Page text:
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Sunday 16 May |
Saint of the Day: St. Simon Stock

Church of Scotland Considering Online Baptism, Communion to Boost Membership

Deacon Greg Kandra - published on 05/18/16

Yeah, this is a great idea, sure, why not, go ahead:

For centuries the key Christian sacraments of baptism and communion have symbolised people coming together in one place. But under potentially radical plans being considered by the Church of Scotland, the rites could be administered online for the first time in a move to redefine the idea of a congregation in the internet age. The suggestion, to be debated by members of the Kirk’s decision-making General Assembly which meets in Edinburgh next week, stems from initiatives such as streaming services to enable housebound parishioners to join in despite being unable to be physically present. A paper presented to members of the General Assembly drafted by the Church’s Legal Questions Committee suggests re-examining issues such as voting rights at congregational meetings to people joining remotely. But it goes on to argue that it is also time to go further and create what could effectively amount to virtual congregations, by allowing “access to the sacraments” for people are not “physically present in the congregation”. “We are living in an age when some of the old rules are fast becoming redundant and, as a result, the [committee] believes that it is time for the Church to undertake a wide ranging review of practice and procedure which is impacted by the use of new technology in church life.” It adds that the idea of being a member of a congregation is becoming “more and more blurred” as people move around yet keep strong links through new technology. “As fewer people join up in the traditional sense and as they make choices which include ever greater interaction with the Church through online access and social media, questions arise about online membership and even about access to the sacraments while not being physically present in the congregation,” it explains.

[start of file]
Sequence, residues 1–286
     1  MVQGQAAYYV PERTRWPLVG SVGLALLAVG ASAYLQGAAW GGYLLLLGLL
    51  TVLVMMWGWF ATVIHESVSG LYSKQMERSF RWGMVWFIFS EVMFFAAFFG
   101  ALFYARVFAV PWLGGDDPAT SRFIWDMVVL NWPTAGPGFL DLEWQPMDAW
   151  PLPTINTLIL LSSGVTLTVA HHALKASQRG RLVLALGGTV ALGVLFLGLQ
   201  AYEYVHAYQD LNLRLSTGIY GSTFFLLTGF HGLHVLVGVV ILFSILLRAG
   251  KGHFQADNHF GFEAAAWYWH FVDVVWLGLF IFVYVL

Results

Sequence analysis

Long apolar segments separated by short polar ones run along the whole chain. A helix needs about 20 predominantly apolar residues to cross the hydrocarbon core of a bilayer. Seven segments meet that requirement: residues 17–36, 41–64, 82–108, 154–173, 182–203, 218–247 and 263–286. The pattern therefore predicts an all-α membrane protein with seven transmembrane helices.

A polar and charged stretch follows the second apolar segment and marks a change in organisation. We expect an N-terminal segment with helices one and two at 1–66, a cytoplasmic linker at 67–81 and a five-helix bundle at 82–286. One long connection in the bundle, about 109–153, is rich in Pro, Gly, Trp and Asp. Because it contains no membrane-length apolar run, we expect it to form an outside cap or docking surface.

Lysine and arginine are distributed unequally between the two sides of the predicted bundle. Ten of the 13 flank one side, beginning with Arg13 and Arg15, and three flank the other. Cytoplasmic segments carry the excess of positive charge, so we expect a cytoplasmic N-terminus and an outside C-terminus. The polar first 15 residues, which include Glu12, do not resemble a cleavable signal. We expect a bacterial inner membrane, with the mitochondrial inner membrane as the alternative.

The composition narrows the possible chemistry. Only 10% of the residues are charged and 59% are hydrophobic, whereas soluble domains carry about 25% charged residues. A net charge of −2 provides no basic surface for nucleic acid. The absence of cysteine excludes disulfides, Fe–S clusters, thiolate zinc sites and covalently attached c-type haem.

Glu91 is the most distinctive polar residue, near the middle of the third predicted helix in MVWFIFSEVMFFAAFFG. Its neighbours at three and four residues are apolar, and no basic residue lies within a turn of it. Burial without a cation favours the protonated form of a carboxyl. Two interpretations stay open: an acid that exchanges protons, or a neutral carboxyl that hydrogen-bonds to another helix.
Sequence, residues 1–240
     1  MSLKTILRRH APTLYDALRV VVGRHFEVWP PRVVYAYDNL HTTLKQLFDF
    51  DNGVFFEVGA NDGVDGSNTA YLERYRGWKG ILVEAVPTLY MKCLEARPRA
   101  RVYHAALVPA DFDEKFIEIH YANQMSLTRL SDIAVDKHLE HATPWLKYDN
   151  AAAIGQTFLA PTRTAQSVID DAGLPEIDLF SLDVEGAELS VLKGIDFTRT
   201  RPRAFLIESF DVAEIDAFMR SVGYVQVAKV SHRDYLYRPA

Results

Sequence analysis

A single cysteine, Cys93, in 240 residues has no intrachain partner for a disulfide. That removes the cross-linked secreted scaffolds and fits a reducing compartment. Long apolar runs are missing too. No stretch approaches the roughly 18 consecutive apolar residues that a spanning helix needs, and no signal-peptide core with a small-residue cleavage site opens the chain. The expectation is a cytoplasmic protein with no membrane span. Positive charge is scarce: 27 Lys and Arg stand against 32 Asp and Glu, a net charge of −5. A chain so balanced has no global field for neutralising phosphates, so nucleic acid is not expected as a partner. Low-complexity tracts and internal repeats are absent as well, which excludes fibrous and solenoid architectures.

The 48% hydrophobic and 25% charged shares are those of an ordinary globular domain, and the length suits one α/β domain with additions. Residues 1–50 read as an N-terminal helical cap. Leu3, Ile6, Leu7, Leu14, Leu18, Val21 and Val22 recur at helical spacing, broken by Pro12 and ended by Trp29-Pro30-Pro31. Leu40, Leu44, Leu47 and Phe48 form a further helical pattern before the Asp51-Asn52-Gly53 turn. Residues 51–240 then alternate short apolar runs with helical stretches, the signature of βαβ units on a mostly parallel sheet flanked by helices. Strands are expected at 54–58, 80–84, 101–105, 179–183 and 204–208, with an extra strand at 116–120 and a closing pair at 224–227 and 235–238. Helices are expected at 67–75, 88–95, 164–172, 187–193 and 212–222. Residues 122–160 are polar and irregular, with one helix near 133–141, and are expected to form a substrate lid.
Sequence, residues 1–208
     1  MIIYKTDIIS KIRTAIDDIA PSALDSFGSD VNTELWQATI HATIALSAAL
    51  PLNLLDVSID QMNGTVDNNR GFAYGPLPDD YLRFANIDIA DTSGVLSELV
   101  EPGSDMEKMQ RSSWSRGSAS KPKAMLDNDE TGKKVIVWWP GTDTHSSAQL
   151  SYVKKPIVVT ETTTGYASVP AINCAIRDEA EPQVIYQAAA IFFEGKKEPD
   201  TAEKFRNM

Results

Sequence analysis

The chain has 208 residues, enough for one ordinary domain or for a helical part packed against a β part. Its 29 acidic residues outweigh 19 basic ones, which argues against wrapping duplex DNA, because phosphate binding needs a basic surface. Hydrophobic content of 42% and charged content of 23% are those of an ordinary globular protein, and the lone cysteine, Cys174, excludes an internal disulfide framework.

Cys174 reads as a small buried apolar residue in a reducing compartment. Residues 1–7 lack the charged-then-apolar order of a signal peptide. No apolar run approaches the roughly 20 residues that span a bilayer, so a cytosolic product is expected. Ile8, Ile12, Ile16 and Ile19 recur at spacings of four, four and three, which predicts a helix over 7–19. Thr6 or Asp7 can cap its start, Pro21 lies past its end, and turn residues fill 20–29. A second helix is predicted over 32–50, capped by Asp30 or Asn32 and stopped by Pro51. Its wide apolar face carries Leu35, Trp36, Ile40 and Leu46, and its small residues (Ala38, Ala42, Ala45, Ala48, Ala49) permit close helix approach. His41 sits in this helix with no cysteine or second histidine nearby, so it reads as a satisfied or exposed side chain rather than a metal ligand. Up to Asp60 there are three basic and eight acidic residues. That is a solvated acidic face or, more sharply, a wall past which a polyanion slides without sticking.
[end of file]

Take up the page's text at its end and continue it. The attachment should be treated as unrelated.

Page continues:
Read more.

Last one to leave the church, please turn out the lights.

Photo: Wikipedia

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